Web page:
, Libreville, Gabon, Sep 29 – Gabon’s opposition leader on Thursday called for sanctions against regime members he accused of electoral fraud and scorned any idea cooperating with re-elected head of state Ali Bongo.
Jean Ping, a former foreign minister who according to official results lost narrowly to Bongo in the August 27 vote, said Gabon had been the victim of a “military-electoral coup d’etat.”
He called for “targeted sanctions against those responsible,” including a freeze on assets held abroad and a ban on foreign travel.
Bongo was installed on Tuesday for his second term as president, three days after the Constitutional Court rejected Ping’s demand for a recount.
In his first act after the court’s announcement, Bongo had called for “all political leaders” to engage in a “dialogue” to steer the country out of crisis.
His new prime minister, Emmanuel Ngondet, also tended an apparent olive branch on Thursday, saying negotiations were still under way for forming an “inclusive government” that would be unveiled on Sunday.
But Ping, speaking at a press conference, angrily slapped down any notion of cooperation.
– ‘Imposter’ –
He reiterated he did not recognise Bongo as president, lashing him as “an imposter calling for dialogue.”
“What dialogue?” he asked.
“This is someone who has been disavowed by the people and defeated at the ballot box, who is asking the person from whom he stole the election to come and dialogue with him… We won’t go to any dialogue staged by this imposter.”
He announced that October 6 would be set as a “national day of remembrance” for those killed in the post-election violence.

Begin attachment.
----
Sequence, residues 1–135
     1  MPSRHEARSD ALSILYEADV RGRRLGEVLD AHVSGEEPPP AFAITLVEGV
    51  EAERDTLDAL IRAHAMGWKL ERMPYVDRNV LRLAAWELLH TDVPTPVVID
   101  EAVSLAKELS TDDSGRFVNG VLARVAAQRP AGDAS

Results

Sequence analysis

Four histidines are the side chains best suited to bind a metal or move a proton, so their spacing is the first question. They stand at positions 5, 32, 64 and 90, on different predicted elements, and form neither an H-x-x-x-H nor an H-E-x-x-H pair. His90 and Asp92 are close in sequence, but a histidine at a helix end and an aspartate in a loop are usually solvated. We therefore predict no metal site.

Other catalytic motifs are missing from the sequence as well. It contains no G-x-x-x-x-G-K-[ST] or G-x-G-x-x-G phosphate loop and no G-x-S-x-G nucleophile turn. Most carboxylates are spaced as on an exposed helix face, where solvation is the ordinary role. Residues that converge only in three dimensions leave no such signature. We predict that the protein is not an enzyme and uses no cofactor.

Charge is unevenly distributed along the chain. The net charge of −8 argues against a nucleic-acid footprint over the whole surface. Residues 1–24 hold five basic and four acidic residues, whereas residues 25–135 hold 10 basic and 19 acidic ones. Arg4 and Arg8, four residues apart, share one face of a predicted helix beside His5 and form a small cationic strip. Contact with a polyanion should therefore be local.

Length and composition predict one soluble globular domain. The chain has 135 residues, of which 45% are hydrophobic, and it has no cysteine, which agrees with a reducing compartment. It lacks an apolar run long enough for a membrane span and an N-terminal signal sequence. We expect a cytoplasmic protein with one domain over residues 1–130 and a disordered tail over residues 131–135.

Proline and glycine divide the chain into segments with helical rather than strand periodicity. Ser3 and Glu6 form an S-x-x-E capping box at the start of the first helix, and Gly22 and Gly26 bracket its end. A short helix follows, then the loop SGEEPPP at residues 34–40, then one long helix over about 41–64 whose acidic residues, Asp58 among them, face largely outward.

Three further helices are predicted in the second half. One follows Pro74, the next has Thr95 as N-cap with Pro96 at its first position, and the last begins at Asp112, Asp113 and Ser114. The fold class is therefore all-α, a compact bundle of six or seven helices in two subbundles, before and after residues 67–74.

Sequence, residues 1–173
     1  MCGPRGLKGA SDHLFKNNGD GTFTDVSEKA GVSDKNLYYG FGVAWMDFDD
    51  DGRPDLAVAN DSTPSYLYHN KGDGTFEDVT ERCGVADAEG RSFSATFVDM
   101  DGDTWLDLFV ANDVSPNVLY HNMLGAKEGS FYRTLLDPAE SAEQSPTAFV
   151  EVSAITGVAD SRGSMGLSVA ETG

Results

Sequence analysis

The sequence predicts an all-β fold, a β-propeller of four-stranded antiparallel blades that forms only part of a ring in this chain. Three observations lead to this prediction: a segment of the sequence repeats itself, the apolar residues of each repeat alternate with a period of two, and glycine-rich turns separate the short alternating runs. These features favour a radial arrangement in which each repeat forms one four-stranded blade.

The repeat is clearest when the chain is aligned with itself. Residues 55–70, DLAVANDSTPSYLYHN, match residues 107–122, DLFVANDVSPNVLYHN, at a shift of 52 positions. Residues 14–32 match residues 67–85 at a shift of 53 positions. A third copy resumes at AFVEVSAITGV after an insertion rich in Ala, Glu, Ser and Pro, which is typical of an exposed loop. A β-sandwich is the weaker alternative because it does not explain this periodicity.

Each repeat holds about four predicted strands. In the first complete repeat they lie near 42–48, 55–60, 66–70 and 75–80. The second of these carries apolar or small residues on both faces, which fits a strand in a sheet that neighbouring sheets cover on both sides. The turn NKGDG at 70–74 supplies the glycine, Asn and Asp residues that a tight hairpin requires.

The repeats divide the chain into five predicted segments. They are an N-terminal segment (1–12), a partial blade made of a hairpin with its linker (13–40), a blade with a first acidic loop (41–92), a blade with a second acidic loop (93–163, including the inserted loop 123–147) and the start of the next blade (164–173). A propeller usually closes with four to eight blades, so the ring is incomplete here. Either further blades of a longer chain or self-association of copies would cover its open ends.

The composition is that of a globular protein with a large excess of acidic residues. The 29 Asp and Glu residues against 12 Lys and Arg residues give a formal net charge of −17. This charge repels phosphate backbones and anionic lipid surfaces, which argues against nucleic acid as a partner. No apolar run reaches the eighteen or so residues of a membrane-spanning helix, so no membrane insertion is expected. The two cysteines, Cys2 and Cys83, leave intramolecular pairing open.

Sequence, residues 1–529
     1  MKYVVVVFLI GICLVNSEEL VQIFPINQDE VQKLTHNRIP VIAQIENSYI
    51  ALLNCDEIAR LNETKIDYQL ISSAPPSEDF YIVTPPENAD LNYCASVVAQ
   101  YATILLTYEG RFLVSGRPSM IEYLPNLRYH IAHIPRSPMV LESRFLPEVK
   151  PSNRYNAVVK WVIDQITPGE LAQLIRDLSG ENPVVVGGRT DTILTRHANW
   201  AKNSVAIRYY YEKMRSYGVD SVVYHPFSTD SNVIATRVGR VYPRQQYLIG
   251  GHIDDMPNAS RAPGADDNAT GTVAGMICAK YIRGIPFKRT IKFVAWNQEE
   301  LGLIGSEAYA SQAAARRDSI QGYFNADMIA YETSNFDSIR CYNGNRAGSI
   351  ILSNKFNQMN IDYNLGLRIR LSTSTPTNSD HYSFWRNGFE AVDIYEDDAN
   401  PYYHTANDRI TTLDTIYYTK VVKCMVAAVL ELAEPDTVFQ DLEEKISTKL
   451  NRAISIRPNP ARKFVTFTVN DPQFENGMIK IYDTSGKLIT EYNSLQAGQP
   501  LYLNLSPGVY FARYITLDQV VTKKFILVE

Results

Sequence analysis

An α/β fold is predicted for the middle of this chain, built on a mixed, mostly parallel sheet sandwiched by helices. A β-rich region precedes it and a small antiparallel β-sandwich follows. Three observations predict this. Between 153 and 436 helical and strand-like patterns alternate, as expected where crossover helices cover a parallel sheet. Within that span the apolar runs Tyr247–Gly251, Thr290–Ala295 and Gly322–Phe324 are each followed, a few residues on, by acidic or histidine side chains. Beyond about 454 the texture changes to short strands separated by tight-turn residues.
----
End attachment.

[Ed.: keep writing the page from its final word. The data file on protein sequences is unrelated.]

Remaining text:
A former French colony in central-western Africa, Gabon has vast assets in oil, minerals and timber, and has a per-capita national income that is far above the average for sub-Saharan Africa.
But a third of the population of 1.8 million still live below the poverty line, the result, say specialists, of chronic inequality and corruption.
Critics lay much of the blame at the door of the Bongo family, which has ruled the country for decades.
Ali Bongo, 57, took over from his father Omar Bongo, who ruled for 41 years until his death in 2009.
Violence erupted on August 31 after Bongo was declared the winner by a wafer-thin margin, prompting Ping, 75, to allege fraud and declare himself “president-elect.”
Demonstrators set parliament ablaze and clashed with police, who made a thousand arrests.
Opposition figures say more than 50 people were killed. The government has given a toll of three dead.
Fears of bloodshed surged once more after the Constitutional Court last Saturday rejected Ping’s demand for a recount and instead boosted Bongo’s margin of victory from 6,000 to 11,000 votes.
– ‘Open an investigation’ –
In The Hague, the International Criminal Court said Thursday it had opened a “preliminary examination” of the post-poll violence to determine if there was enough evidence for a probe into possible crimes against humanity.
Chief prosecutor Fatou Bensouda said the Gabonese government had referred the violence to her office on September 21, asking it “to open an investigation without delay.”
A letter of referral signed by Gabonese Justice Minister Denise Mekamne Edzidzie accuses Ping and his supporters of incitement to genocide and crimes against humanity.
It highlights a speech which Ping gave during his electoral campaign, in which he allegedly called on his supporters to “get rid of the cockroaches.”
Bensouda cautioned that a “preliminary examination is not an investigation but a process of examining the information” to see if there was enough evidence for a full inquiry.
Ping, for his part, called on the ICC and Amnesty International “to shed all possible light on the murders, disappearances and breaches of human rights.”
Bongo’s declared victory has received a cool reception from the African Union and the United Nations, while the European Union said there had been voting “anomalies” which had not been rectified by the court.